Flip Side: Why A Business Degree Is Not A Guarantee for Success
Tuesday, September 10, 2019
Let’s get something straight—we are incredibly supportive of the choice to pursue a degree in business, whether it is a bachelor’s degree or a master’s degree, at any of the hundreds of colleges and universities across the U.S. As it is one of the most popular college degrees in the U.S., it is right to assume that there is an association between business degrees and success in later professional and higher education endeavors.
In this article, we challenge ourselves to look beyond this common association and ask why simply obtaining a business degree is not a guarantee for this so-called success.
Jeffrey J. Selingo, author of There Is Life After College, former editor of the Chronicle of Higher Education, and a professor of practice at Arizona State University recounts an experience he had in 2017 shortly after giving a talk about his book that had been recently published that year. A young woman in her mid-20s shared that she was unemployed despite having applied for several jobs and taking on multiple unpaid internships.
“I majored in business marketing,” she told him, “because everyone said it would lead to a job after graduation.”
It’s true that business degrees are some of the most popular choice for students pursuing a bachelor’s degree in the U.S. If one looks at the stats, business administration graduates receive an extremely high salary after graduation. The idea is that a degree in business administration from a reputable college or university will set you up to ace the complexities of critical thinking within a business. This should help you work in an assortment of professions, from managerial positions to business support positions. While average, mid-career salary rates are decently high at $70,695, Selingo reminds us that “not all business majors are created equal in the job.”
According to Selingo, research shows that college students who major in general business and marketing are more likely to be unemployed or underemployed. They tend to earn less than business majors who have math-focused concentrations, such as finance or accounting. This may be because math-focused business majors have the need to work harder. According to the National Survey of Student Engagement, students who study business tend to spend less time studying than anyone else on college campuses. They also spend less time reading and writing than other majors. Results of national standardized tests such as the Collegiate Learning Assessment Plus, given to freshmen and seniors, demonstrate that students who major in business made significantly fewer advancements in critical thinking, writing and communication, and analytical reasoning than those who studied degrees such as mathematics, science, and engineering, or the traditional liberal arts such as philosophy, history, and literature.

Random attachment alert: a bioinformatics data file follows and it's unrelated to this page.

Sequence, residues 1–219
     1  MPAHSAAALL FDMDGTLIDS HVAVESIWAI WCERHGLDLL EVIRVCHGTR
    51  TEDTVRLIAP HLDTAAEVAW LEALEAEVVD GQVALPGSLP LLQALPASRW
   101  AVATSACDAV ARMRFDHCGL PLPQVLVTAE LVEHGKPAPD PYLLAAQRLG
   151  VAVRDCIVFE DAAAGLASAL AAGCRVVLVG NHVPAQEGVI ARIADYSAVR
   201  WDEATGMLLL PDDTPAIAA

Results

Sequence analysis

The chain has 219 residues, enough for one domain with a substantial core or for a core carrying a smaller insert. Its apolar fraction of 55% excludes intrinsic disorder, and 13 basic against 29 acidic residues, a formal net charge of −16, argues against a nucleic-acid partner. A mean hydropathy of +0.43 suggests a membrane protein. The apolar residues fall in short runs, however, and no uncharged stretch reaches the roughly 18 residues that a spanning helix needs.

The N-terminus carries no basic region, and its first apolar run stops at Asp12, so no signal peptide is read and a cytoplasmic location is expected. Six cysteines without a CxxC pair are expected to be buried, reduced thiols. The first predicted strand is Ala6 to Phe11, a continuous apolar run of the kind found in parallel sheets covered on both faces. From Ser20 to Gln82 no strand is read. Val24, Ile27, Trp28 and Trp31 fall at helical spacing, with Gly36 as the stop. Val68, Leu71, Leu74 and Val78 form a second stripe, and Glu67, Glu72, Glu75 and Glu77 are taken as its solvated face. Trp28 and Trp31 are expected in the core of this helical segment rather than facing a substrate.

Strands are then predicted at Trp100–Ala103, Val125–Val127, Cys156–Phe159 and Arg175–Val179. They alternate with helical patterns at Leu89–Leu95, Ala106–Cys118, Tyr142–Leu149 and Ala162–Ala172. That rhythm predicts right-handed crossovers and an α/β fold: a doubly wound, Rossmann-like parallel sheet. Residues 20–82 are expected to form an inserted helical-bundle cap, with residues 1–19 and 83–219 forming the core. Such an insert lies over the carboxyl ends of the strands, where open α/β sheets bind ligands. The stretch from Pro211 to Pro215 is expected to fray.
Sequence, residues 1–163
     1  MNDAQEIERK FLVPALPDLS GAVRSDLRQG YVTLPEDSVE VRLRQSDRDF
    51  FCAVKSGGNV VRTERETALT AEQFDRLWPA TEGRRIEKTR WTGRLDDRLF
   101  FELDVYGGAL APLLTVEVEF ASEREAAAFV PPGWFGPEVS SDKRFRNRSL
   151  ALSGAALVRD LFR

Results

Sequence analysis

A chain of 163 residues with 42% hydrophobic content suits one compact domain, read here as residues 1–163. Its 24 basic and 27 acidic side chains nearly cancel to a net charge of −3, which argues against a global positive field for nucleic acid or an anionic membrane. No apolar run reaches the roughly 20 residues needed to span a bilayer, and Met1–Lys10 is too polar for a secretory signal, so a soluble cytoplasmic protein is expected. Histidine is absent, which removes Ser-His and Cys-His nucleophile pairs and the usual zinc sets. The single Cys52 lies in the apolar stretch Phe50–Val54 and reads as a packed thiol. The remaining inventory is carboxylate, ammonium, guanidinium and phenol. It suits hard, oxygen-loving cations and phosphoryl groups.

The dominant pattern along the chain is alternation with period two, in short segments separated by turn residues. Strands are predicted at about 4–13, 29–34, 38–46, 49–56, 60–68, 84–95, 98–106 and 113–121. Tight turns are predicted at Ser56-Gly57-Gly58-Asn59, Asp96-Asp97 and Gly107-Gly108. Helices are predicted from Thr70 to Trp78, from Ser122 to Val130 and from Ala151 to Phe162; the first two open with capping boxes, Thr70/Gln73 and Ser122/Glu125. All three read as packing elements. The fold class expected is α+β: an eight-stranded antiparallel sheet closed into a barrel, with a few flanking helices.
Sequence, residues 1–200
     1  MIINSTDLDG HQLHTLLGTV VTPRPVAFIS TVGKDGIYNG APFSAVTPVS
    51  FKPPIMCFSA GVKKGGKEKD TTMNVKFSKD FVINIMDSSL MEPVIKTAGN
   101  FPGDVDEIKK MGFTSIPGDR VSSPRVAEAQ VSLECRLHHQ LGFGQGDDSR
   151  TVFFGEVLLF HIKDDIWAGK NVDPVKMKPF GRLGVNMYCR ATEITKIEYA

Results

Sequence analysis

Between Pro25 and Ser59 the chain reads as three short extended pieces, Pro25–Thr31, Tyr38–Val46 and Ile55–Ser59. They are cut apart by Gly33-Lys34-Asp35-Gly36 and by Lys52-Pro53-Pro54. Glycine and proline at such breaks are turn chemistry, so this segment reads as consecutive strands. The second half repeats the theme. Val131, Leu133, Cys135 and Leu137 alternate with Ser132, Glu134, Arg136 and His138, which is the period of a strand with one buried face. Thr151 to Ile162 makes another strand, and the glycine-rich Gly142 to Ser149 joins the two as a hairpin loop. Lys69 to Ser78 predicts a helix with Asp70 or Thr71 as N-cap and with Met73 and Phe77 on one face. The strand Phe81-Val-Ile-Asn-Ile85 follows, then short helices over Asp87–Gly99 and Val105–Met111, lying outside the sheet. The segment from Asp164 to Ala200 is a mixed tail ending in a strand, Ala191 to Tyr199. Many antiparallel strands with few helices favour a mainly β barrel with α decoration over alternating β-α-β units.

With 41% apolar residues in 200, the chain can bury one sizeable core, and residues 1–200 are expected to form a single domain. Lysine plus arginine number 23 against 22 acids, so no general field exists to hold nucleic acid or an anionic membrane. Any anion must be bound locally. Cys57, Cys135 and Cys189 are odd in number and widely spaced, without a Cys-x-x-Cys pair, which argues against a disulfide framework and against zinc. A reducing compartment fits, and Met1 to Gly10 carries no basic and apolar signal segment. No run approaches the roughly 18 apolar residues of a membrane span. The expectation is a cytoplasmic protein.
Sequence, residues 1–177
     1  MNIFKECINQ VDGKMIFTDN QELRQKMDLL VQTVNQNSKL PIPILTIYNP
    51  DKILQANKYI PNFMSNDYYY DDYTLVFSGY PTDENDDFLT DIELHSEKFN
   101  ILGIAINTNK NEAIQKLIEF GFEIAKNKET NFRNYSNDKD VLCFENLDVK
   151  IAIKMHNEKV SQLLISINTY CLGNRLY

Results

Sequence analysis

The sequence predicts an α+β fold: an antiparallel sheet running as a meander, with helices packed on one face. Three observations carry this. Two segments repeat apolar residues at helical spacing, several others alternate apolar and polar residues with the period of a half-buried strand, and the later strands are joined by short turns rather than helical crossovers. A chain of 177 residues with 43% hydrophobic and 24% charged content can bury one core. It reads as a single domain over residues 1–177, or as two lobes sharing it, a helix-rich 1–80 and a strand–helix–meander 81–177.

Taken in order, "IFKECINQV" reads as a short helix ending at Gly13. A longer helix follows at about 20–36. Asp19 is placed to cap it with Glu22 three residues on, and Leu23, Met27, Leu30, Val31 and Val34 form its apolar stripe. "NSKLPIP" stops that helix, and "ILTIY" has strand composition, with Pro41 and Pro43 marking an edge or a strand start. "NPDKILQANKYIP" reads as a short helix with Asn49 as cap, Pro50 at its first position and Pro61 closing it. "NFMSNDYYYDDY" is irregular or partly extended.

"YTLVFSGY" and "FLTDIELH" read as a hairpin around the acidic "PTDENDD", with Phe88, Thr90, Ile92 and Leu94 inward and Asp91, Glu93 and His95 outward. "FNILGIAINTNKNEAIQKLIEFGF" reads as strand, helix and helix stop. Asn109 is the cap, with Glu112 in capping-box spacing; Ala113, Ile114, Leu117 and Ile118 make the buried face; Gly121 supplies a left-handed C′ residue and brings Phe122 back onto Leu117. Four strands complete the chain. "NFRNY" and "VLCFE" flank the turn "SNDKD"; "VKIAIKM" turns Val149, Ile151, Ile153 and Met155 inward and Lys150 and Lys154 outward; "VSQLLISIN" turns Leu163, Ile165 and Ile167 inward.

The key here is to recognize that simply choosing a business major does not illicit automatic success in one’s future. College and university students cannot allow the promises of “guaranteed” success to keep them from putting in their best effort in school. Go to any college campus in the U.S. and ask a university student about the stereotypes that exist regarding business majors. Many will say that their main concern is earning a profit and that they spend more time with a beer or a vodka in their hand than with textbooks and notebooks. We suppose that this applies for any type of major a student chooses but one must always work to ensure that they stand out later when applying for future job and higher education prospects. Your university performance will be a higher determinant of your success in the future.